5 Major Trends for Small Group Ministries in 2017

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5 Major Trends for Small Group Ministries in 2017"What do you see trending in small group ministry?" Might be one my most frequently asked questions. Probably because everyone wants to be in on what's working and no one wants to be left out, still driving their daddy's model.

So what's trending? Here's what I'm seeing:

A more intentional discipleship pathway

What at least for a season took a backseat to simply connecting people in groups (and providing a Bible study in an attempt to keep spiritual growth on the rails), is more and more in the front seat. While there are still many churches offering discipleship as a stand-alone option, a growing number are reimagining and redesigning a groups' beginning and its pathway going forward (think Rooted, developed by Mariners Church).

A number of important ministry voices have weighed in on the need for more intentionality (including Rick Howerton, Eric Geiger, Ed Stetzer, David Platt, Robbie Gallaty, and others).

A subset of this trend may be a guided curriculum pathway. Encouraged by Eric Geiger and others, more intentionality is being designed-into the study selections offered or recommended to small groups and small group leaders.

A more organic beginning

While the majority of churches continue to offer regular onramps to small group participation (church-wide campaigns, small group connections, GroupLink, semester-based groups, etc.), a growing number are leveraging a more organic method of encouraging small group participation and engagement.

While for many churches this more organic approach is primarily leveraged during the ramp-up for a church-wide campaign (i.e., Saddleback's HOST strategy and their more recent iteration, the "if you've got a couple friends" strategy), a growing number are inserting the language of more organic connection into their regular communication (bulletins, announcements, sermons, website, etc.).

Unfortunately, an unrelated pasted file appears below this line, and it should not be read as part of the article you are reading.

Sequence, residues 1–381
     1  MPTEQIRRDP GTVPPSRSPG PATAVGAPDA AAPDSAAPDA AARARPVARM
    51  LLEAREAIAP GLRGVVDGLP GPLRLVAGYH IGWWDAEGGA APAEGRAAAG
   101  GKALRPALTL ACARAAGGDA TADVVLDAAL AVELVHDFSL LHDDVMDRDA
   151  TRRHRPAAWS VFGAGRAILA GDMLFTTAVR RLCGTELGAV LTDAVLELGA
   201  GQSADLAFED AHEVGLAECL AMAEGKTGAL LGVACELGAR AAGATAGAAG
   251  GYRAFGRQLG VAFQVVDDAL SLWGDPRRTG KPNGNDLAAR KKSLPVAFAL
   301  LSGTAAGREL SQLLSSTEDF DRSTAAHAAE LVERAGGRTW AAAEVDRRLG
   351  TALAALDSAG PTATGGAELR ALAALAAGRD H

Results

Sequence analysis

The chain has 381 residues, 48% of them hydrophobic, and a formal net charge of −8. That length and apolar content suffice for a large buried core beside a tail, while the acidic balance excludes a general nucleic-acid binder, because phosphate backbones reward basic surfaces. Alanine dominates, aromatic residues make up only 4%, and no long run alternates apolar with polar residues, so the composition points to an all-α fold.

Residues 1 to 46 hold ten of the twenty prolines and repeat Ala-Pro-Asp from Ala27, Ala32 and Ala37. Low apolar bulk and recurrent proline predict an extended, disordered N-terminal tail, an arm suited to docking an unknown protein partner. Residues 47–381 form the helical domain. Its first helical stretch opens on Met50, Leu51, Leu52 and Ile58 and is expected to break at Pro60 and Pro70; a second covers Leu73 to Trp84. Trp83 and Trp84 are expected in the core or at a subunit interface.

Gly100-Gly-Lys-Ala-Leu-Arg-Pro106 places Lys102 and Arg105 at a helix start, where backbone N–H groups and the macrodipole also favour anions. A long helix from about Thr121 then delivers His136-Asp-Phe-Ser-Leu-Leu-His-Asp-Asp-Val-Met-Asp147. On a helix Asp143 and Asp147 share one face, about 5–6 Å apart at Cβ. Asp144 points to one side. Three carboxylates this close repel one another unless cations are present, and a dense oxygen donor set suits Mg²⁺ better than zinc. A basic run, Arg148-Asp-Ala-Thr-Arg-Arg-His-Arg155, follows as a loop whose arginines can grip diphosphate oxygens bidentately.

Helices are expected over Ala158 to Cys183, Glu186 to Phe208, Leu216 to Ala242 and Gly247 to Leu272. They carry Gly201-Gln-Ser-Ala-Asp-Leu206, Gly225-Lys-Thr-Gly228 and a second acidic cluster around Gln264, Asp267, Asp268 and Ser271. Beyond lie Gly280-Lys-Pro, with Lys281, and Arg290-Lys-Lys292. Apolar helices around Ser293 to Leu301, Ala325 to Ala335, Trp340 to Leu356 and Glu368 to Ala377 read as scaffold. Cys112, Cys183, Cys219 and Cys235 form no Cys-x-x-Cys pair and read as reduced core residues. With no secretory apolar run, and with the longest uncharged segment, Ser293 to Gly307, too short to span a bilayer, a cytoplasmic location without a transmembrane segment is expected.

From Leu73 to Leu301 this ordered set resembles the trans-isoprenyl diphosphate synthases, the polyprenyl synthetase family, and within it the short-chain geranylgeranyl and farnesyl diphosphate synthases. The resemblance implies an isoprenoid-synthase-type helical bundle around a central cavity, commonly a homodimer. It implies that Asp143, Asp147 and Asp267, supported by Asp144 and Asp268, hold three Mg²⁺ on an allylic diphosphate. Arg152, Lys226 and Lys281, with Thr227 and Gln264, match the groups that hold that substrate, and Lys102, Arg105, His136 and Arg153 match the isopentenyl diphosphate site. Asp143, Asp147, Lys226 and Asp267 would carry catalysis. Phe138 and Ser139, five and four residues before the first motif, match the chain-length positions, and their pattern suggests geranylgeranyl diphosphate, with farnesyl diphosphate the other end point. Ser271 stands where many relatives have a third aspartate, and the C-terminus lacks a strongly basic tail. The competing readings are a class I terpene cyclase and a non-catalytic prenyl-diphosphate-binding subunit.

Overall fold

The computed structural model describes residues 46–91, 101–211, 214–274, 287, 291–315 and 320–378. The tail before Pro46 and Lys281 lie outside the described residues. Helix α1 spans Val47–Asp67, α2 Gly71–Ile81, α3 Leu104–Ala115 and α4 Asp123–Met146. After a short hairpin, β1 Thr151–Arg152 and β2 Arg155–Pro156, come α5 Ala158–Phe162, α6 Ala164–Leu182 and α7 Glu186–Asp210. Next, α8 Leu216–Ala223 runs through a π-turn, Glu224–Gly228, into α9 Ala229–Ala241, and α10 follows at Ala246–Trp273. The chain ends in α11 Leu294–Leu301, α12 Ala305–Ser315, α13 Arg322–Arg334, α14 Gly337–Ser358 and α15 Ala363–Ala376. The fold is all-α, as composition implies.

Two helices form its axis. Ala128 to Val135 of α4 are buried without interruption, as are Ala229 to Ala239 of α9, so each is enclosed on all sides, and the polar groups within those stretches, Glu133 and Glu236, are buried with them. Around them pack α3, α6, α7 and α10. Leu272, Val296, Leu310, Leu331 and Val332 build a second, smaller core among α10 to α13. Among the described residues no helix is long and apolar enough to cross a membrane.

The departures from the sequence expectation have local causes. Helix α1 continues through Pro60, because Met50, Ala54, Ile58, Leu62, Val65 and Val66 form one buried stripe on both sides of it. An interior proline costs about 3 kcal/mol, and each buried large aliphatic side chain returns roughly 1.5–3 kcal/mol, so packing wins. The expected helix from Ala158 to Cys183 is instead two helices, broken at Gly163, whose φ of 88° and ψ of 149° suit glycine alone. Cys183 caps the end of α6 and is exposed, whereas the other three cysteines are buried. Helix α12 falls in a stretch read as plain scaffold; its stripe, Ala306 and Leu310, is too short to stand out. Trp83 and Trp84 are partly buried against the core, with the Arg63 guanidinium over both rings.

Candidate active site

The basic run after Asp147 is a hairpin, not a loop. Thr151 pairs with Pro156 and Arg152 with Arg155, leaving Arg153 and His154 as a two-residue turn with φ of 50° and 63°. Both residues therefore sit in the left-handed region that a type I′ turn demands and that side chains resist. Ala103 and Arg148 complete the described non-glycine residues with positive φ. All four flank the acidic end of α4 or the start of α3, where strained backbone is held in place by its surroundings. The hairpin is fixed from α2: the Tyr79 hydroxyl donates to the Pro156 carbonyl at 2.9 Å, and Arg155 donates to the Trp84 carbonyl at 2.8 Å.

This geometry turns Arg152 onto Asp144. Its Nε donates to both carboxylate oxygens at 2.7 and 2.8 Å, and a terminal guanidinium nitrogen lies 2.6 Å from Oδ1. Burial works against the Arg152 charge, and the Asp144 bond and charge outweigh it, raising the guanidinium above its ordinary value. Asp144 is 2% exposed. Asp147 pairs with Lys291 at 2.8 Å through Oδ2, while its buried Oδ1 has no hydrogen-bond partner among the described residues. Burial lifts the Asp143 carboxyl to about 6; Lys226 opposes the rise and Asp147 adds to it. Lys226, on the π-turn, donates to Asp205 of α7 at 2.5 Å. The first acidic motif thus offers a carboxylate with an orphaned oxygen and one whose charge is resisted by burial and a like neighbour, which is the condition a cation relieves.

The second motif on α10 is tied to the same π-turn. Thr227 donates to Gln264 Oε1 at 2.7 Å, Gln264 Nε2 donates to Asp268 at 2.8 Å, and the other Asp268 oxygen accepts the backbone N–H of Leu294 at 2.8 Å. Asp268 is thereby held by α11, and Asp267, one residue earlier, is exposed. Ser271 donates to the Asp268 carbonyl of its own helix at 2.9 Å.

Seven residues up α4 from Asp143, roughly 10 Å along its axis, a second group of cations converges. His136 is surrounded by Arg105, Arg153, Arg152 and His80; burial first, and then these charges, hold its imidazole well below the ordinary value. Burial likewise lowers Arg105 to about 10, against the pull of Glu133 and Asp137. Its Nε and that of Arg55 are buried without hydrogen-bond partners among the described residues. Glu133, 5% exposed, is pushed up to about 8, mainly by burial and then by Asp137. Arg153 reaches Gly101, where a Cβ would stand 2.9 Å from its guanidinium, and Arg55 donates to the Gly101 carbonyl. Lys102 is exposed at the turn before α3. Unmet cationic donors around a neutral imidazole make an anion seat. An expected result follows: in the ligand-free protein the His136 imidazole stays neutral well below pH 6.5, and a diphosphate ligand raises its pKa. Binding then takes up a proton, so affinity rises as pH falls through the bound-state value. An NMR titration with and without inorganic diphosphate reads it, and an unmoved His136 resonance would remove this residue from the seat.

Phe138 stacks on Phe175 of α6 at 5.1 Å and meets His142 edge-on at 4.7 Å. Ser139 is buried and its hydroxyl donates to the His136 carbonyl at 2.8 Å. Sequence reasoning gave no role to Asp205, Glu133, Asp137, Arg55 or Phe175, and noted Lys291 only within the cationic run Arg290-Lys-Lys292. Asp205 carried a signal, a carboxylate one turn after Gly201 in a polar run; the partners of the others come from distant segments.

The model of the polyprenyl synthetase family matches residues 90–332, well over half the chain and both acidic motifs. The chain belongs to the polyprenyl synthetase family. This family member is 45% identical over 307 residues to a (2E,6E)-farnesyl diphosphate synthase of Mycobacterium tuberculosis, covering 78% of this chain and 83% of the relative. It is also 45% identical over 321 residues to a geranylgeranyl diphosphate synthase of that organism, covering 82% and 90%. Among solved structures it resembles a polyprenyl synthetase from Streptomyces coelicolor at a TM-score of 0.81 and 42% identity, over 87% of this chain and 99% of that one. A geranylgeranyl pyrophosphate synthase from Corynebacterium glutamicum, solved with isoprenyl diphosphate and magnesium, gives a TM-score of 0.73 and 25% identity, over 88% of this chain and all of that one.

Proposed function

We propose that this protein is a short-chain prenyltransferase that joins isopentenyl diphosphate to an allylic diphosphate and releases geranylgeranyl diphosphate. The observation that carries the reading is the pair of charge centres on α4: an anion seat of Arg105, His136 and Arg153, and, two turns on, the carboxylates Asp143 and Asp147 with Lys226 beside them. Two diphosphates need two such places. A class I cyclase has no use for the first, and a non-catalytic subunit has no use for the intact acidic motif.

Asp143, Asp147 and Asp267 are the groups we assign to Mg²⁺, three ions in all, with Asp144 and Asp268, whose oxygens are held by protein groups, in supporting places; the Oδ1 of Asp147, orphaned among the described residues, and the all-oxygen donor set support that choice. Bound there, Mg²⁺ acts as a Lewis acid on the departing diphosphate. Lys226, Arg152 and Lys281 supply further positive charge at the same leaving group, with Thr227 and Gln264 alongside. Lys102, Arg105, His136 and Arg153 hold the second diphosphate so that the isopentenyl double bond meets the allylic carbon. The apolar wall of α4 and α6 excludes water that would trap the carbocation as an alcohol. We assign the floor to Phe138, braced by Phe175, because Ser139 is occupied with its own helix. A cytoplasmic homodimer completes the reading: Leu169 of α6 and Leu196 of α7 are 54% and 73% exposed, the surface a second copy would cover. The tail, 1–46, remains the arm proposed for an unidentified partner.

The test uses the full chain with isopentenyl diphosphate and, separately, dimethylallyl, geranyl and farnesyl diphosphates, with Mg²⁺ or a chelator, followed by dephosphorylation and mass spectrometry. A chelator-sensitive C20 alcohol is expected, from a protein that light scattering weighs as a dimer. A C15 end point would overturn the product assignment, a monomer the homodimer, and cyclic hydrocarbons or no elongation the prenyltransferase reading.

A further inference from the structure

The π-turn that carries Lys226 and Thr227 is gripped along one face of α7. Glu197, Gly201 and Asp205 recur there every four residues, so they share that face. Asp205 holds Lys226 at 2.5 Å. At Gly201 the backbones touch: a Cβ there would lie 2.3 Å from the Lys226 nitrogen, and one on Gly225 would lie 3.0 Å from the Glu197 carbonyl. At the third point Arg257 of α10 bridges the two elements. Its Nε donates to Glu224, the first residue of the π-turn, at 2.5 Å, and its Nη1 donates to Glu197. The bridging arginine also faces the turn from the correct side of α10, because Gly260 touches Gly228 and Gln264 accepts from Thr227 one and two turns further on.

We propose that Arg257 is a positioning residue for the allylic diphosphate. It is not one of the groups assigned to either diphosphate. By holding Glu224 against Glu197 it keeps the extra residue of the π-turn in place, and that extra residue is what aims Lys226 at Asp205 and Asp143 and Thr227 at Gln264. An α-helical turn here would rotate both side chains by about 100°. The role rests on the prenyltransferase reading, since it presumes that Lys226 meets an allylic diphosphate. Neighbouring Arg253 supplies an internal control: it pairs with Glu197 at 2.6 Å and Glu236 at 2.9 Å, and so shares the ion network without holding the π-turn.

Three is enough

While it can be a part of a more organic approach, there is also a growing acceptance of the smaller is better concept. Perhaps a combination of the triad arrangement emphasized in many intentional discipleship strategies and a more organic beginning being encouraged, smaller is at least more accepted and frequently commonplace.

As an example of this trend, note Saddleback's website description of a group:

"A small group is a group of three or more people who gather each week in a home, workplace, or online. In a group you’ll hang out, study the Word, and pray together."

Note: Most website descriptions still refer to a small group as "8 to 12 people..."

A heart for the community (and sometimes the crowd)

Reimagining and reengineering small groups to begin and grow in the neighborhood (as opposed to beginning and remaining safe-houses that enable small group interaction away from the fortress), is trending on many fronts. What began idealistically with missional community identification of third place meeting spaces and the development of open house strategies to create and build community in communities, has become an increasingly ordinary ministry philosophy.

While cross-cultural small group studies and church-wide campaigns are being developed and implemented with growing effectiveness, an emerging emphasis being encouraged is simply to learn to be neighborly.

Serving together is built in

Integrating serving opportunities into the ordinary fabric of small group experience is increasingly the norm. Once something only rumored to be happening in exceptional small group ministries is more and more commonly an expectation that is encouraged and resourced.

Serving together as an ordinary part of the small group experience is being resourced in a number of ways. Embedding the concept in the fabric of group launching strategies (like Mariners Church's Rooted) is growing in practice. Establishing a budget that encourages small group engagement with local mission opportunities (as Life.Church has done) and promoting small group engagement with mission trips (as Saddleback's P.E.A.C.E. project has done) are two more examples of intentionality. Simply providing a printed list or web-access to local partner organizations with serving opportunities is also increasingly common (see Forest Hill Church's example).

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